Reflections In Urdu - With Romeena Kizilbash Kureishy

Reflections In Urdu - With Romeena Kizilbash Kureishy
The National Academy of Performing Arts (NAPA) has become a mandatory go-to for cultural entertainment, where you find and network with the literate cream and the social best. In successful continuation, NAPA Talks recently conducted its third session with Romeena Kizilbash Kureishy, who has been teaching Urdu in the United States since 2008. She taught at the University of Pennsylvania STARTALK Urdu Program from 2008-2014 and has been with New York University Hindi-Urdu Teacher Training Institute as an Urdu Pedagogy specialist since 2015. As an Urdu Program Coordinator and Lead Instructor for Kean University’s Global Project-based Learning STARTALK Urdu, she has been spearheading projects and initiatives pertaining to the promotion of language itself, and encouraging its correct usage.

Aptly titled “Urdu Hai Mera Naam” (Urdu is My Name), the talk began with Kulsoom Aftab, a NAPA faculty member, as she walked us through the extensive, treasure trove of experience Kureishy holds. The 90-minute talk was focused on the Urdu language, its evolution, and the histography (Tarikhgoi) of Urdu poetry. In an interactive session, Romeena indulged the audience with questions and responses about the Urdu language. While she emphasized that she is no expert in the subject in question and that her learning process is continuous, she has learned and taught Urdu in the past. She has also taught the ropes of Urdu teaching to local and international teachers.

Like many of us, Kureishy acknowledged that she had taken the Urdu language for granted until she was offered to teach Urdu in a summer program entailing training and workshops. Following that, she was then offered to be a lead Urdu Pedagogy instructor at New York University. Urdu was never offered a grant before in the US for its teachers’ training and development. Under Kureishy’s strong hand, the language was granted, for the first time, approximately US$ 8 million, which was utilised to train teachers and hire top pedagogy experts.

Of course the destination was sweet, but like no easy endeavour, it was riddled with its fair share of challenges. As English has remained the primary language in the US, Urdu pedagogy was conducted in English. However, Kureishy realized the importance of perpetuating the Urdu training in Urdu. “How can we teach Urdu to Urdu teachers in English?” she would ask. Logic prevailed. Before that could happen, she needed to educate herself further in the Urdu language before taking the lead on this. She went back to school after eons and took admission to a Masters’s program in Urdu. For M. Phil in the same, she had to relocate from the US to Pakistan to acquire expertise in tadmeen, arooz, makhtoota shinasi and tanqeed.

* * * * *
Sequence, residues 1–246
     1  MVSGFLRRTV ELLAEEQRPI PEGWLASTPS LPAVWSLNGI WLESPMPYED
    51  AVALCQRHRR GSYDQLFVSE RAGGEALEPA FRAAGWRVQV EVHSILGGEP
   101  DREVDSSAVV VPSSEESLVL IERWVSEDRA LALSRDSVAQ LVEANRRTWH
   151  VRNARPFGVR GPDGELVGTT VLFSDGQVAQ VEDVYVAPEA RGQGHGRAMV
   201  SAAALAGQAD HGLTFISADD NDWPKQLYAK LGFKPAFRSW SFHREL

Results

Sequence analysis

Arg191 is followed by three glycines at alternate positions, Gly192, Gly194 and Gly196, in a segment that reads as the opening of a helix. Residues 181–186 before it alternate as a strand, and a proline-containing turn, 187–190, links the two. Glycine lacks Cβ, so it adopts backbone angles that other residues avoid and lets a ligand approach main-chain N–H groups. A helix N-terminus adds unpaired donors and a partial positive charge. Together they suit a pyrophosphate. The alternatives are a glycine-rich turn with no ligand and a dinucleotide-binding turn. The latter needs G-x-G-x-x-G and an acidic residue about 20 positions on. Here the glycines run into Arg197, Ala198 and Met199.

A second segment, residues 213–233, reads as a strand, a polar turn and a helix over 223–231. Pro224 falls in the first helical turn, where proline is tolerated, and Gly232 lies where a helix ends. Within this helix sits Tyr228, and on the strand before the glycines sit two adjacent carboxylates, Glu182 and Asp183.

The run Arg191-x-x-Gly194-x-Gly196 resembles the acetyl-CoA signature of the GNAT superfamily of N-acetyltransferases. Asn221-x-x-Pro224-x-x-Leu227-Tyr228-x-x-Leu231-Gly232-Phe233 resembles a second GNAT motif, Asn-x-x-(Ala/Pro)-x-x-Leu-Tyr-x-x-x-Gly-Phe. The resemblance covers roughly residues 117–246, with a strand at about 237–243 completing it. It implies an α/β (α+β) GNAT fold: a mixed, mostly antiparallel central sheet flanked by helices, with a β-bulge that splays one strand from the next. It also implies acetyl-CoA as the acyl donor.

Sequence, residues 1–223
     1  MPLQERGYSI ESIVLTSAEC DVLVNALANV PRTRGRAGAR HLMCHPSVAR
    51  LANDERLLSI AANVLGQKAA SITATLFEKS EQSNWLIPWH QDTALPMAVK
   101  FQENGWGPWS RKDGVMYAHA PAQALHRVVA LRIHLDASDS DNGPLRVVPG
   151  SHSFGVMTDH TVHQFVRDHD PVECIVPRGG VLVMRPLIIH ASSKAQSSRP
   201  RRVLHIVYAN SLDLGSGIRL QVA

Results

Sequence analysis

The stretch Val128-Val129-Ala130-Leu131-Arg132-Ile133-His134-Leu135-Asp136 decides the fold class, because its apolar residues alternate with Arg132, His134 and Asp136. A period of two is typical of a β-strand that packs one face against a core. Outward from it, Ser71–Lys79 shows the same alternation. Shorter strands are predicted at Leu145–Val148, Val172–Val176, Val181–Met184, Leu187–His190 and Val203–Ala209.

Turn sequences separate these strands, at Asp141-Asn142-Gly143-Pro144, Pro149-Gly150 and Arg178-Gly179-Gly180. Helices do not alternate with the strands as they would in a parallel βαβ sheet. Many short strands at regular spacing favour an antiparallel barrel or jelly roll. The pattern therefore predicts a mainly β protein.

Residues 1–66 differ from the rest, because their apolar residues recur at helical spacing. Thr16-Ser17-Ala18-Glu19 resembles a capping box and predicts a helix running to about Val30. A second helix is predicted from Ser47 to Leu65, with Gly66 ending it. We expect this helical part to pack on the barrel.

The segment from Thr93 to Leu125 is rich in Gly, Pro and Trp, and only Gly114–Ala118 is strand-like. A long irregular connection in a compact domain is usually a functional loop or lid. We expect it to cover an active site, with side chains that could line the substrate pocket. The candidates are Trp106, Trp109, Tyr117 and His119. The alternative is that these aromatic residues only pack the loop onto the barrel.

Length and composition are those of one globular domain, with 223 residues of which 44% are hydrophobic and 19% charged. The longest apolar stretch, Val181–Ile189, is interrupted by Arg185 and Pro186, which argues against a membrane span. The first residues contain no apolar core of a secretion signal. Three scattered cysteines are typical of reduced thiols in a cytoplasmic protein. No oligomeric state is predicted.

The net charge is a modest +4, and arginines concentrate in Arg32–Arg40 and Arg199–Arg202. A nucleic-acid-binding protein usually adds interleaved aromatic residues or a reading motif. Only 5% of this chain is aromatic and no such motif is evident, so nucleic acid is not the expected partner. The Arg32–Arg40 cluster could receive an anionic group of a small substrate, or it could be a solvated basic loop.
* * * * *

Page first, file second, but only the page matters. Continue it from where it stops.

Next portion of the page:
While there are many initiatives at a commercial level happening in the major cities of Pakistan, such as the literature festivals and ‘aalmi’ conferences, it is largely, and tragically, divided into two sects. One sect is found at the cultural centres and communities, such as NAPA, while the other sect is populated at Karachi University. And the divide is as platonic as it could be. “Both the sects need to intertwine for a larger purpose to create a transformative and impactful change,” she stressed.

What was surprising was that the ancestor of the Urdu language emerged from the Aryans about 3,000-3,500 years ago when the Aryans came from western Asia, bringing with them a language that traveled through geography, time and space before it developed into what we call Urdu today. Extrapolating the histography, she explained that Sanskrit was always the language of the elite – the priests and maulvis. According to linguistic experts, Prakrit followed Abranj, before it branched into western Hindi, a twin sister of Urdu, never to be separated from Hindi. The geographical effects separated both.

With a large and surprising chunk to absorb, Romeena intermittently took the stage for musical renderings of Mosey Naina Milai Ke, Mora Saiyaan Mose Bole Na and Hazaron Khwahishen Aisi.

When the British came to reign the subcontinent for good in 1857, they realised they had to learn the local language, for which they built the William College, where works of Arabic and Farsi were translated into Urdu. Before the inception of the said college, Urdu was rendered a difficult language to master. These translations included Bagh-o-Bahar, and later on, Sir Syed Ahmed Khan took upon himself to spearhead his contribution to the language, which birthed the likes of Naumani, Hali, and Nazir Ahmed. Through his essays and mazameen, SSAK addressed the low morale of the Muslims. And what followed was a renaissance of the language itself, brimming with nazms, poetry, ghazals, and kalaams.

The stage was then taken up by Jauhar Abbas, chronogram expert, poet & researcher, who explained the interesting numerology behind the Urdu language and how the years of the incident were coined with words/a combination of words.

“As intricate and beautiful as Urdu is, we treat the language as one used by the second-class citizen, while English remains the one used by the elite. It makes me extremely sad when our own people are not aware of our own treasure. Oftentimes, teachers don’t know about it. We don’t boast PhDs in Urdu. Then, there is also the stigma attached that everything in Urdu is a lot more difficult to comprehend. We must realise that it is not. It is only new. And when you know it, it stops being difficult. The more we appreciate the language, the better we become,” Kureishy mused over a cup of tea. Endorsed.